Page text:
A Directory of Open Source Clojure Projects
Every now and again I'll come across a post where someone asks about getting involved in open source clojure projects. Because every question deserves a single-page app dedicated to its answer, I made Open Source Clojure Projects, a directory of active projects welcoming new contributors.
Each project has (or should have) clear instructions on:
- Developing the project locally
- Running tests if there are tests
- Contributing code (pull request? tests required?)
- Contacting other devs - slack, mailing list, IRC, etc
Also, there's a "beginner-friendly" flag so that new Clojurists can easily find projects with tasks that are appropriate for their skill level.
So far, 22 projects have been added, which is awesome. A random sampling:
- milestones, which generates the best possible schedule from a set of tasks
- reverie, a CMS for power users
- Scheje, a little Scheme on Top of Clojure (!!!)
- system, a friendly layer on top of Stuart Sierra's component library
If you have an open source project and want people to contribute, please add it!
A few folks have asked me about what tools I used to create the site. I'll explain more below but briefly:
- The backend is a weird, unholy mess of fantastic classic libraries and sideshow code that I keep transplanting from one project to another so that I can answer the question what kind of abomination will this morph into this time?. The backend uses Github as a database, though, and that's pretty neat.
- The frontend uses re-frame and includes some form handling code that I'm proud of and that's actually worth stealing.
- Finally, there's also some code for deploying with Ansible that's worth stealing.
In the time-honored fashion of technical blog posts everywhere, I'll now "dive in" and elaborate on each of those bullet points.
For the backend, the site uses ring, compojure, liberator, http-kit, and the weird set of tools that have accreted in my projects over the years. Even though the code footprint for the backend is pretty small, it's pretty idiosyncratic, containing handfuls of half-formed ideas I keep noodling around with. Hopefully someday soon I'll be able to really nail down my approach to backend dev and share it, because it does allow me to write apps quickly.
One cool part of the site is that it uses a Github repo,
Open Source Projects,
as its database. Browse the
projects directory and you can see every
project that's listed on the site stored as an EDN file. When the
backend starts up it reads from Github, and whenever someone posts or
edits a listing it writes the EDN file using Github's API.
The nice thing about this approach is that I didn't have to worry about standing up a server or keeping backups. And it was just fun to code. Here's the source for using Github as a db - I definitely see potential in reusing this approach for similar lightweight directory sites.
re-frame has a delightful README that gracefully introduces you to reactive programming. If you haven't read it then stop reading this article and read that instead; I am 100% confident that it's a better use of your time.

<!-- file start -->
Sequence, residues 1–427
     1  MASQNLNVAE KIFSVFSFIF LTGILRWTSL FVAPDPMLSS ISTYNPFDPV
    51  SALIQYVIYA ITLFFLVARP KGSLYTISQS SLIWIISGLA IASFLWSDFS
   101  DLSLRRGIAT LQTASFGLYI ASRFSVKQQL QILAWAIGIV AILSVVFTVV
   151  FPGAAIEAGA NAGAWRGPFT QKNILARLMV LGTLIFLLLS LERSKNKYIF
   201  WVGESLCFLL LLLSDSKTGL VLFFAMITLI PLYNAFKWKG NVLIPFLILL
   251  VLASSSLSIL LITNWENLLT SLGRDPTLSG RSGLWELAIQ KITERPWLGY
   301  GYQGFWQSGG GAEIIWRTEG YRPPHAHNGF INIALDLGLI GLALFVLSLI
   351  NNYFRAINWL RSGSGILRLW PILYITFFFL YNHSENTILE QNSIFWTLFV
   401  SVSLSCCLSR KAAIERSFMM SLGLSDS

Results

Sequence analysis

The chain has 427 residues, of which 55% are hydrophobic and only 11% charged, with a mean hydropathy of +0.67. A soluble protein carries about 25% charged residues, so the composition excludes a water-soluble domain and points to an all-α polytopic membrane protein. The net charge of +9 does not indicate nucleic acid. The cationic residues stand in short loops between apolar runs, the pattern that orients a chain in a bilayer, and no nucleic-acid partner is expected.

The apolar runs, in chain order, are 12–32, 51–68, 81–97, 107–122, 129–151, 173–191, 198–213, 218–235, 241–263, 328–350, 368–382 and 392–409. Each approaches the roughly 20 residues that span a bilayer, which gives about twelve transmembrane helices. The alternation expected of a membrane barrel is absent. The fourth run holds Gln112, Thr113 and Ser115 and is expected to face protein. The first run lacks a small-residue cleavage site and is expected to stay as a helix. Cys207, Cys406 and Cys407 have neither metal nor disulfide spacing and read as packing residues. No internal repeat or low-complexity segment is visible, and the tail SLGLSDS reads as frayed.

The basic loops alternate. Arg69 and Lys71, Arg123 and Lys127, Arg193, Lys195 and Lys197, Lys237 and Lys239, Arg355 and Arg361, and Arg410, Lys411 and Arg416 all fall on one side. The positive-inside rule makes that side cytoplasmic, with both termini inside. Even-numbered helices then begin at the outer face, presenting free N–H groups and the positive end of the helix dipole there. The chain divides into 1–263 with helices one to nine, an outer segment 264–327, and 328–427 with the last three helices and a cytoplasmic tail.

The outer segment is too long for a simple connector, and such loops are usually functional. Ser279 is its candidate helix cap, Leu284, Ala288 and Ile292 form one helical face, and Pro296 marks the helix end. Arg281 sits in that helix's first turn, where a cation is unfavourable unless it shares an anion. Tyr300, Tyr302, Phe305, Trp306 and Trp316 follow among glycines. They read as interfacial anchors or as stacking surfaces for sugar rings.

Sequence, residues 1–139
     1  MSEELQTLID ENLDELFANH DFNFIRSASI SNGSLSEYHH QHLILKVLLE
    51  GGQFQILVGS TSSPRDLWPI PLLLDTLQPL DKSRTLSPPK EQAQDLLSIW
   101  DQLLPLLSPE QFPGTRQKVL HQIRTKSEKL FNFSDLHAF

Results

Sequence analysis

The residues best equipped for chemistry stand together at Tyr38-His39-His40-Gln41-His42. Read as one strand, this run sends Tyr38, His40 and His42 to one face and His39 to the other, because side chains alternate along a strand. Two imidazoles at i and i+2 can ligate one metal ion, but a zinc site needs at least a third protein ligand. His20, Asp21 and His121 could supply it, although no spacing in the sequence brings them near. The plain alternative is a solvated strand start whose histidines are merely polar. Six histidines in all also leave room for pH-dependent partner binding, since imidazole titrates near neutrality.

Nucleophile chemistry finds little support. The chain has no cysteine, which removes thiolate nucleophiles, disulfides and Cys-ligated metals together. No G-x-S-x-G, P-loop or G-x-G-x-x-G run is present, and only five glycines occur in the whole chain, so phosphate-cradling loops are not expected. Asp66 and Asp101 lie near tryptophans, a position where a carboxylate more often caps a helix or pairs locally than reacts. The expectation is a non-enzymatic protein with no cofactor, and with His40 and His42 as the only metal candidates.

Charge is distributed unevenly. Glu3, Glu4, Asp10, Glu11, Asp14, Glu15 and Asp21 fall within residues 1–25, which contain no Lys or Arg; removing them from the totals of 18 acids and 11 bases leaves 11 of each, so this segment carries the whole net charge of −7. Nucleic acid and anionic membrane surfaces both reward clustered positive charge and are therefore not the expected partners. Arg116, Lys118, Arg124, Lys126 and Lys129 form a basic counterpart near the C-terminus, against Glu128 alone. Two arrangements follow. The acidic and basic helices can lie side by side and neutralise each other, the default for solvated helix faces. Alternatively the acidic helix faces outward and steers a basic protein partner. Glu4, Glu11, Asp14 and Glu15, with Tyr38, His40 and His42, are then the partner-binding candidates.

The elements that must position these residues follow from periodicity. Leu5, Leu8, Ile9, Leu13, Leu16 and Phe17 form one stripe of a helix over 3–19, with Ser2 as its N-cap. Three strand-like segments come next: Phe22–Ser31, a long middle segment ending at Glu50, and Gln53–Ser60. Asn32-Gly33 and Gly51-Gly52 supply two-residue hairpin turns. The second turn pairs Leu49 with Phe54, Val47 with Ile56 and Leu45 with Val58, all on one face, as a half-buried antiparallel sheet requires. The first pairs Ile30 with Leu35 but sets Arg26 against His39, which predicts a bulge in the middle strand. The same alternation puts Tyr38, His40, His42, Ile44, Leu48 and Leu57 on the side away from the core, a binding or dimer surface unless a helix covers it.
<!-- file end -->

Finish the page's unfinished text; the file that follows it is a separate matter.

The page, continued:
re-frame is a joy to use, and it's become my go-to tool for frontend projects. I've written a fair amount of code for working with forms and submitting values. This code forms a kind of nano-framework on top of re-frame, and it's allowed me to speed up the development process from project to project. Here's an example form which uses the form helpers. If you'd like for me to write a detailed explanation of this code, please leave a comment letting me know :)
Boot deserves a special mention because it makes it so easy to develop ClojureScript apps. With Boot you get live reload (every time you change your frontend files, the changes are automatically injected into the browser), giving you a near-instantaneous feedback cycle that makes development much more enjoyable. It's also easy to incorporate Sass compilation - and your Sass files also get the live reload treatment.
If you're not using Boot to build your ClojureScript app then chances are you're causing yourself undue suffering. And hey, maybe you're into that? No judgment. But if you're not, then take the time to learn it - it's a great investment in yourself as a Clojure developer.
directory contains scripts for provisioning and deploying to a server
with Ansible. It also has a
Vagrantfile so that you can stand up a
test server locally; just run
vagrant up to both create the virtual
machine and provision it. To deploy,
cd into the
directory and run
./build.sh && ./deploy-dev.sh. Those two shell
scripts are extemely simple, so take a look at them to see what's
involved in deployment.
The Ansible configuration is almost completely reusable. You can check
it out in
roles directory in
particular has Ansible tasks for creating an nginx server that can run
Clojure app. It also includes an Upstart script for controlling
startup/shutdown of your Clojure app (assuming you use Ubuntu).
Eventually, I'd like to add more tools for project discovery and for showing project stats. @yogthos, for example, suggested incorporating a project's stats from github so that users can see how active and popular each project is, information that can help them decide which project to contribute to.
Also, I'm in the process of revamping braveclojure.com to include more resources for Clojure programmers. The site hovers around 3rd or 4th Google result for "Clojure", just below clojure.org and the Wikipedia entry. So, it's kind of popular I guess. My hope is that by featuring Open Source Clojure Projects, I'll help more new developers get involved and also help project maintainers squash some tickets.